Common Names: Jambu Ayer, Djamboe Aer, Watery Rose Apple

Growing up as a child in Indonesia one of my favorite fruits to eat was jambu. Biting into the small, crisp and mildly sweet, watery fruit was thirst quenching and delicious.

Jambu grows naturally from southern India to eastern Malaya. A member of the myrtle family, this fruit is the smallest in a group of similar fruits of the Syzygium genus.

Jambu is a small tree or large shrub which grows on the average of 10 to 20 feet in height. Branches grow close to the ground from a short, crooked trunk. The crown is open and non-symmetrical. It likes plenty of rain evenly spaced throughout the year.

The leathery leaves grow opposite each other on short, thick stems that clasp the twig. They are oblong in shape, narrower at the stem end. They are 2 to 10 inches long, 1 to 6 inches wide. They are pink when young and become dull, light-green above and yellowish-green beneath when mature. The flowers have a faint fragrance and grow in loose clusters of 3 to 7 at the end of branches. The petals are pale yellow, yellow-white or pink and the stamens are uni-colored. In Indonesia the tree blooms twice a year, in July and again in September. The fruits ripen in August and November.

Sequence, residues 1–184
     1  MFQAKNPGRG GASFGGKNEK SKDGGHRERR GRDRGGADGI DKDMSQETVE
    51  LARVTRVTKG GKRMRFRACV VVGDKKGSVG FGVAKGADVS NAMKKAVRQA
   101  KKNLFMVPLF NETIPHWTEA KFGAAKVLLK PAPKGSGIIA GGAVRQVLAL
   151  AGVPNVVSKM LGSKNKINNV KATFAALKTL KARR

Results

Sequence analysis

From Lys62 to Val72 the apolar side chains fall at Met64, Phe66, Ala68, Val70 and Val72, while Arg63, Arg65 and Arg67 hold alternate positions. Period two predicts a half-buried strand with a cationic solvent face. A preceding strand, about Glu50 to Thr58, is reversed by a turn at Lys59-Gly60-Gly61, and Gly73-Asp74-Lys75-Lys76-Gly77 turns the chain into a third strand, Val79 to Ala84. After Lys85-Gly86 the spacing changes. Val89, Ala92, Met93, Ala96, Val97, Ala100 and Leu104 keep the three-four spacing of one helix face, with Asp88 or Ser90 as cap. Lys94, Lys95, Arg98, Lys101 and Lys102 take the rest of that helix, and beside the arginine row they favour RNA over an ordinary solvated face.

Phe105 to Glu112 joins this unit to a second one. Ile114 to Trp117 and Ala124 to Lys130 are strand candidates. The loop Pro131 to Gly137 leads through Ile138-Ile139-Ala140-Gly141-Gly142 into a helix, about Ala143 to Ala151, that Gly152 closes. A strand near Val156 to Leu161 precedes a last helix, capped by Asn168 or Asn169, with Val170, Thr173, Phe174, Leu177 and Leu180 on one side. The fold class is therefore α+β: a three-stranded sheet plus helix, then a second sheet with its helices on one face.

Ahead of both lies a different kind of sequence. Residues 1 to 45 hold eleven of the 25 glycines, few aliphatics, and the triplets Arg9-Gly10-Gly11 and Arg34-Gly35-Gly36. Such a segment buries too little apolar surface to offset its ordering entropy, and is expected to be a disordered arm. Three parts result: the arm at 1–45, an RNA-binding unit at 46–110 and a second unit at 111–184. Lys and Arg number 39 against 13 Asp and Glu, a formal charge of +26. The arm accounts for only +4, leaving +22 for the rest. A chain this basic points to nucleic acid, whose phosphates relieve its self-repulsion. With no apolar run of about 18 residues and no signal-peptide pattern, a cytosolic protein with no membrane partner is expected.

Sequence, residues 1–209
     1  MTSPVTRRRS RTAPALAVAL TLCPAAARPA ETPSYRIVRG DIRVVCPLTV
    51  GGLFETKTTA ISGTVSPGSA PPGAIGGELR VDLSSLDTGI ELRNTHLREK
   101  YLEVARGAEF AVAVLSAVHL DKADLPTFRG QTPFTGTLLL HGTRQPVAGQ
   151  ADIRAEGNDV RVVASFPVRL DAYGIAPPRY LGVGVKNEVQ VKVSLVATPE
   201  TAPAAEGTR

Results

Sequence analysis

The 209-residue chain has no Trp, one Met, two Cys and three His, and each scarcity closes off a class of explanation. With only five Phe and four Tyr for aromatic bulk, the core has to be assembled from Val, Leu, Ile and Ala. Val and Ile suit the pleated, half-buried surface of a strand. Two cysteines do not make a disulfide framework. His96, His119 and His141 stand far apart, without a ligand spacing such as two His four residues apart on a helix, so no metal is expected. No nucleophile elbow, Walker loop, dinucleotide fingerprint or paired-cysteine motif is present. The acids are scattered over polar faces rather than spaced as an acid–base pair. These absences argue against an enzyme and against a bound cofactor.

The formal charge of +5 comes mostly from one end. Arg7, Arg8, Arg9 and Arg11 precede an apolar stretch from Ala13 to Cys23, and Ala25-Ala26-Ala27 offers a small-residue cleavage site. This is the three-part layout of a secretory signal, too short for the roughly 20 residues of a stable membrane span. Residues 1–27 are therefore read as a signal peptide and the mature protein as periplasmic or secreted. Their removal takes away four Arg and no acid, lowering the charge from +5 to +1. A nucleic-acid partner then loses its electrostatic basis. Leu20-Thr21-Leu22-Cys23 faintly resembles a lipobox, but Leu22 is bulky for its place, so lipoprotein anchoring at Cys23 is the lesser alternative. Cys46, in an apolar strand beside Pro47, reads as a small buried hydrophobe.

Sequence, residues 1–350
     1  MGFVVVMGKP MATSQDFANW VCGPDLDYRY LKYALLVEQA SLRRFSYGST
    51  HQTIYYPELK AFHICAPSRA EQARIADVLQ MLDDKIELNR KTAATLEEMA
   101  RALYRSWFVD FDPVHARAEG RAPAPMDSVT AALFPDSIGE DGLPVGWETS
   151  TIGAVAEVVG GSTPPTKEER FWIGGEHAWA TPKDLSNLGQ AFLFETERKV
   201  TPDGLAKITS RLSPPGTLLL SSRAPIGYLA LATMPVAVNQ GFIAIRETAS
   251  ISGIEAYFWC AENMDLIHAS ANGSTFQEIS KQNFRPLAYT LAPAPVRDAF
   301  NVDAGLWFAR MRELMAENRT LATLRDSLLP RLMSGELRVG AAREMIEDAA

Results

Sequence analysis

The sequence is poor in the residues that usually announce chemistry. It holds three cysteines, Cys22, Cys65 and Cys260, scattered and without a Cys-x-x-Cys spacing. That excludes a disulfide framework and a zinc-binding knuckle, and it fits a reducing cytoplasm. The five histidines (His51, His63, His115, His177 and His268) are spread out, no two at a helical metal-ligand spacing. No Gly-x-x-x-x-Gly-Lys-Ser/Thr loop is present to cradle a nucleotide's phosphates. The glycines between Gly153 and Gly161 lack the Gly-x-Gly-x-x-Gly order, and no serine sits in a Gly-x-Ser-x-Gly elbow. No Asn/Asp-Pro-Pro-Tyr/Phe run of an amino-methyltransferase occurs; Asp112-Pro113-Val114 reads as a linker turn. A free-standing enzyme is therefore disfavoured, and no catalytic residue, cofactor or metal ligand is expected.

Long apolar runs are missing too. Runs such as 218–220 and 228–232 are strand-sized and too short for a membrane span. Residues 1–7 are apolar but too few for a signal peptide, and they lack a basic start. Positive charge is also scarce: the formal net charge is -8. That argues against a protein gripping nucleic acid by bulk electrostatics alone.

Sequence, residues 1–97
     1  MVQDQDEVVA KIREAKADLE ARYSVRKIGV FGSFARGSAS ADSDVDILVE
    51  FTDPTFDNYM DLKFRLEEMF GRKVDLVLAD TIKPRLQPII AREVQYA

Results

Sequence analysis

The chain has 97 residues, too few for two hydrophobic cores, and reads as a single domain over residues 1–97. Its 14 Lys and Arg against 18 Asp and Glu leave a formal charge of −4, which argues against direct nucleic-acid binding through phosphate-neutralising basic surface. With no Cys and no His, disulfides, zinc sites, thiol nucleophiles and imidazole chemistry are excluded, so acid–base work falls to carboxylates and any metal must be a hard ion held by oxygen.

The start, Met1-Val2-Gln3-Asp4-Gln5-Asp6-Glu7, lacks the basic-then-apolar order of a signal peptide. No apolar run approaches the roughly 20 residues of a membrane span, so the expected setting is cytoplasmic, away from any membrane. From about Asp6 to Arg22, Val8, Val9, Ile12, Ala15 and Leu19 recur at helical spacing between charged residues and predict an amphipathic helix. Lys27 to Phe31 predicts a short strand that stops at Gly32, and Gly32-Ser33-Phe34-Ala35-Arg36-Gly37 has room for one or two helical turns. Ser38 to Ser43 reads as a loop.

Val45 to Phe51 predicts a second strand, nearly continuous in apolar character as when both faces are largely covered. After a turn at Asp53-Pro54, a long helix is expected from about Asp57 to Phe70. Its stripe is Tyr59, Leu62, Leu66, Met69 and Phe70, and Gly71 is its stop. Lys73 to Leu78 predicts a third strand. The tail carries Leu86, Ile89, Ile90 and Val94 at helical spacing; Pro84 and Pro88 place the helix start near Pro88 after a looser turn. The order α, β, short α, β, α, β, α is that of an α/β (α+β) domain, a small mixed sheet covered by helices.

The jambu fruit has a shiny, thin skin which varies from white to light red. About 1 inch long and 1-1.5 inches wide, they are shaped somewhat like a pear with a narrow neck and a wide apex. The fruit curves in and forms a concave indentation from which stiff sepals and the style protrude. The flesh is white or pink, slightly fragrant, crisp and juicy with a faint sweet flavor. The fruit has about 1-3 seeds which, together with the roots, are considered poisonous. Red and white jambu are found in Indonesia. The red jambus are the smallest fruit, sweet and juicy, with the white ones being very acidic. In Malasia there is a wide variety of color, ranging from palest green, delicate blush pink to deep crimson and a sort of brownish red. Green jambu are very crunchy but not as juicy.

Southeast Asian rainforest animals, like monkeys, gibbons and jambu fruit doves rely on jambu as part of their diet. Growing wild, the jambu is also cultivated throughout Southeast Asia and is not endangered.

Elisabeth Benders-Hyde


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